Wisconsin courts have applied this distinction between mailing and filing in a variety of contexts. For example, in the context of appellate procedure, our supreme court has concluded that absent specific statutory language to the contrary filing is accomplished when the petition is physically handed to and accepted by the clerk of courts. See Boston Old Colony Ins. Co. v. International Rectifier Corp., 91 Wis. 2d 813, 822, 284 N.W.2d 93 (1979) (holding that "filing, under [Wis. Stat.] § 809.10, means physical delivery of the notice of appeal to and receipt by the clerk of the trial court.... [T]he notice of appeal ... shall be considered filed as of the date that the notice of appeal is actually received by the clerk."); First Wis. Nat'l Bank of Madison v. Nicholaou, 87 Wis. 2d 360, 364­65, 274 N.W.2d 704 (1979) (determining that filing of a petition for appeal to the Wisconsin Supreme Court under Wis. Stat. § 808.10 occurs when it is received by the clerk of courts' office). This court has held that the term "file" for purposes of the statute and relevant administrative code provisions requiring a party to file a sexual discrimination complaint within 300 days of the alleged discrimination entails delivery to the intended recipient. Hilmes v. DILHR, 147 Wis. 2d 48, 53­54, 433 N.W.2d 251 (Ct.App.1988) (filing does not occur until the complaint is received, meaning the physical receipt of the complaint by the department). We have also held that filing for purposes of Wis. Stat. § 655.445, a statute permitting medical malpractice patients to request mediation within fifteen days of filing a court action, means delivery of the request to the proper officer for keeping on file or among records of his or her office. Hoffman, 256 Wis. 2d 678, ¶¶ 12, 15, 20, 649 N.W.2d 350.

Currier, 2006 WI App 12, par 15-16.

Thus, even if the appeal were mailed on August 19, mailing the appeal to the Board on the 19th is not good enough.

Second, as a practical matter, the information in the affidavit is inadequate in light of the postmark. Despite what is in the affidavit, the official postmark is August 25 and, in the absence of an explanation or proof to the contrary, the postmark is something akin to prima facie documentary proof. Our primary difficulty with the affidavit is that it was not prepared contemporaneous to the mailing. As indicated above, the events in question occurred on or around August 19, 2011. The affidavit, however, is dated August 8, 2012---almost a year after the relevant events. Thus, what the Petitioner relies on here is not a standard affidavit of mailing which attorneys often prepare to prove that an item was properly mailed. Instead, it is an affidavit prepared approximately a year later to dispute an official postmark. As concise as it is, the affidavit does not provide us with any explanation for the discrepancies and it is not our job to provide one. The affidavit does not competently refute any of the facts in the Department's affidavit. To paraphrase the famous Chinese proverb, the palest contemporary ink is often preferable to the clearest memory of year old banal events. In sum, the evidence before us on this Motion clearly shows that the objection to the Board was not properly filed within the mandatory 60 days.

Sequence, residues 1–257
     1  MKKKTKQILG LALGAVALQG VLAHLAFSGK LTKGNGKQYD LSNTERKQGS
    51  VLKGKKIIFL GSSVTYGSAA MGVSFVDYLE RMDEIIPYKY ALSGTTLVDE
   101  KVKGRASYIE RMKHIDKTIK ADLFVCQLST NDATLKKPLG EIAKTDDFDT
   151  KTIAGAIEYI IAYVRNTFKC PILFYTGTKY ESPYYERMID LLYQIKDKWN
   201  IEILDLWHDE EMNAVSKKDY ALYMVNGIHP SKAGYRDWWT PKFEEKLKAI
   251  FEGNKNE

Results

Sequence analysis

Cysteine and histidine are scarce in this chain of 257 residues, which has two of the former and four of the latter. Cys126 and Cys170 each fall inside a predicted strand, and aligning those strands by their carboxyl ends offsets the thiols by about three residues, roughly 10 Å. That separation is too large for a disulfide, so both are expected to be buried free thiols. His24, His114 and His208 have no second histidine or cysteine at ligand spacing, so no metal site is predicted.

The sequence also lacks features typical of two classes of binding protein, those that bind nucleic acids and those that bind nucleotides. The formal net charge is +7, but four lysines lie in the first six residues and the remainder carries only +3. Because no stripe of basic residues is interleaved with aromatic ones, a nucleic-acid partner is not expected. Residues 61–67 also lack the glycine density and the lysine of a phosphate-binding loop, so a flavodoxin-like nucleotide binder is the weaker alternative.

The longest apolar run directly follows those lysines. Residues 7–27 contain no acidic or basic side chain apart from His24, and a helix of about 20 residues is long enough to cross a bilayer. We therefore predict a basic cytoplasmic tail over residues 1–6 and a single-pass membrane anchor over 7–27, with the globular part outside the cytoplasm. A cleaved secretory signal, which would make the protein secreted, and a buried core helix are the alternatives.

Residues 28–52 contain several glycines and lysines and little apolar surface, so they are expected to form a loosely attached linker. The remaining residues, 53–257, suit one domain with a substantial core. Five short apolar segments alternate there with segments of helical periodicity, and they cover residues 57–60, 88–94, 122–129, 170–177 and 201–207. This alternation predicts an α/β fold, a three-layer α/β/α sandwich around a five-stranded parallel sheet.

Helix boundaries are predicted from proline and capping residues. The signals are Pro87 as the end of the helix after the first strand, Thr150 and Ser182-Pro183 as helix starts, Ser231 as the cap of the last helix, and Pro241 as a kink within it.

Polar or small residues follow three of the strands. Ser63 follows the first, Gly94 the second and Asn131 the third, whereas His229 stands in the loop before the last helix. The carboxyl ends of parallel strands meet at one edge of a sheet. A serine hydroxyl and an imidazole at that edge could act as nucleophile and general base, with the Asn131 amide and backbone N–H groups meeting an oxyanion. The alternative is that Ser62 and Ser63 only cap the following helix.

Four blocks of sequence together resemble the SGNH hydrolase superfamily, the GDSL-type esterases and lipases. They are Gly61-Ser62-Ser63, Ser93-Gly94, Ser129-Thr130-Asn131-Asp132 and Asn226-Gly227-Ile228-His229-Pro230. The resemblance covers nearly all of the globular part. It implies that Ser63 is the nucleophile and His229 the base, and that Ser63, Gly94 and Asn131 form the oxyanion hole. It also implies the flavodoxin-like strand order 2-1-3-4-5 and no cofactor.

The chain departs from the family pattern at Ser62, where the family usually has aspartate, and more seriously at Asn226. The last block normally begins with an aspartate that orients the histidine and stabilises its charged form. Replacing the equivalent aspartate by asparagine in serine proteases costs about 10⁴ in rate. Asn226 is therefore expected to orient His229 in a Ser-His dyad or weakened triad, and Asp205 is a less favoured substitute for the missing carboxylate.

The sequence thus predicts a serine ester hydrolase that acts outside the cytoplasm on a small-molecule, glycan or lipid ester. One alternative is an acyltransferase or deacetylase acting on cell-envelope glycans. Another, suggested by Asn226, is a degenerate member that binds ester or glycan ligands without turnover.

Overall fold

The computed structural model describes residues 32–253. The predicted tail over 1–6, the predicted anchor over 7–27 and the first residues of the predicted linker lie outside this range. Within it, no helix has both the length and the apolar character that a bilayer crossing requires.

The Department's Motion to Dismiss must be granted as the evidence shows that the Petitioner did not file its Objection to the Board of Assessors within the required 60-day period. We, therefore, lack the jurisdiction to hear this appeal, and must grant the Motion to Dismiss.

Dated at Madison, Wisconsin, this 4th day of January, 2013.


Lorna Hemp Boll, Chair

Roger W. LeGrand, Commissioner

Thomas J. McAdams, Commissioner


1 For appeals to the Commission, Wis. Stat. § 73.01(5) provides that a taxpayer may send a petition by certified mail up until midnight at the end of the 60th day and in that circumstance the date the appeal is received by the Commission does not control its timeliness.

2 As the Department points out, Wisconsin courts strictly adhere to filing deadlines when the Legislature has provided for such deadlines by statute. While Wis. Stat. § 70.995(8)(b) clearly provides for a 60-day filing window, this section does not define "filing" for the purposes of objecting to a manufacturing property assessment. In situations where a statute has not provided a specific definition of "filing," courts have generally held that filing occurs when a clerk physically receives the filing. See Boston Old Colony Ins. Co. v. International Rectifier Corp., 91 Wis. 2d 813, 822, 284 N.W.2d 93 (1979). The Petitioner here does not argue to the contrary, electing to argue instead that the appeal was timely filed.